THE care of elderly patients at a Scottish hospital is being closely monitored by the Scottish Government after serious concerns were raised by a watchdog.

Health Secretary Alex Neil told MSPs that some of the issues unearthed by the Mental Welfare Commission (MWC) during a visit to dementia wards at the Royal Edinburgh Hospital were "totally unacceptable".

Mr Neil said: "We are monitoring the situation very closely and we will make absolutely sure that the recommendations in the Mental Welfare Commission report are implemented."

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He faced questions in the main Holyrood chamber about the Royal Edinburgh yesterday after the Herald revealed a patient's family, a patient advocacy service and the MWC had all expressed concerns about the way elderly patients were being looked after.

The report, sent to the chief executive of health board NHS Lothian, found more than half the patients should have been discharged but were waiting for appropriate community care facilities to be arranged.

It raised further concerns that the patients had little to do in the hospital, adding to their distress.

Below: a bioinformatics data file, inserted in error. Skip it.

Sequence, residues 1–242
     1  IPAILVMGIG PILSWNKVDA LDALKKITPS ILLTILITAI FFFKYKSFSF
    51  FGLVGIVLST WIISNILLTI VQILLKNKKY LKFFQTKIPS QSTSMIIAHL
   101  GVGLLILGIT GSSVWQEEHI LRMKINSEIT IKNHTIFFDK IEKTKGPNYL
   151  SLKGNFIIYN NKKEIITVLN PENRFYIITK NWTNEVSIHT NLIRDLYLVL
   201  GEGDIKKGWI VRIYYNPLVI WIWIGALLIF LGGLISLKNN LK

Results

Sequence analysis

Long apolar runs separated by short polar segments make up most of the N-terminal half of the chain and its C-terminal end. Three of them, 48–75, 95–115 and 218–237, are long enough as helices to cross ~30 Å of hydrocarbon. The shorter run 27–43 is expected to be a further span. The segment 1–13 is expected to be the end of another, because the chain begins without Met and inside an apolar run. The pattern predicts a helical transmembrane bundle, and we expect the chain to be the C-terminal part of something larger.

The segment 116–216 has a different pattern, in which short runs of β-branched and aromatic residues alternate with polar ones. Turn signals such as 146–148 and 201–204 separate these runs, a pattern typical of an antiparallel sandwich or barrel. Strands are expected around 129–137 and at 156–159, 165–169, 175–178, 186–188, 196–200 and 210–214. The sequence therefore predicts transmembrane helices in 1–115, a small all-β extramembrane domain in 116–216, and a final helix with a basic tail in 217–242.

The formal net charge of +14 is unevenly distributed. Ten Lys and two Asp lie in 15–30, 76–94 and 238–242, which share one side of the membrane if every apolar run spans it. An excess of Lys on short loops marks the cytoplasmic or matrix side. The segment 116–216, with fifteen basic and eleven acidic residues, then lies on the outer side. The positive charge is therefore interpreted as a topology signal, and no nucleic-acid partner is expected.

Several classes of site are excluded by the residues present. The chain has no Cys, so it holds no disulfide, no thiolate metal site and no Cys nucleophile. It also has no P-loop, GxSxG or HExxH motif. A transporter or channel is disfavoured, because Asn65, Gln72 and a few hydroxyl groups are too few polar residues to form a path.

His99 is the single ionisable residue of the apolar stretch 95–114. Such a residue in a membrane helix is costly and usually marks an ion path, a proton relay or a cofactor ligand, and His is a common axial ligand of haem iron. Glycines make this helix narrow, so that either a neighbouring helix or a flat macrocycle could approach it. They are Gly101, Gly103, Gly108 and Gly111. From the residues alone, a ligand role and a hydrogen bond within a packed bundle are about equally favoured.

Staff shortages, which meant two patients were still in bed at lunchtime, and the prescription of powerful sedatives to the pensioners were also highlighted by the MWC report.

Alison Johnstone, Green MSP for Lothian, asked Mr Neil what was being done to ensure the issues were being addressed and why the report, exposed in The Herald, had to be obtained using freedom of information legislation.

Ms Johnstone said: "I feel we still need to see more openness in the reporting of the quality of care in our hospitals.

"The treatment experienced by some has been hidden away and while the Health Secretary appeared confident in the investment being carried out by the NHS, affected families deserve more tangible action to reassure them that lessons have been learned."

Catherine Thompson, who complained to NHS Lothian about the care of her father in the Royal Edinburgh, said: "It was good to hear Mr Neil describe what happened to my father and is happening to other patients at the Royal Edinburgh as totally unacceptable.

"But only a truly transparent inspection regime can ensure things change and stay that way. He needs to explain why he cannot ask the Mental Welfare Commission to publish their reports and Healthcare Improvement Scotland to take responsibility for those wards, or ideally for both to happen."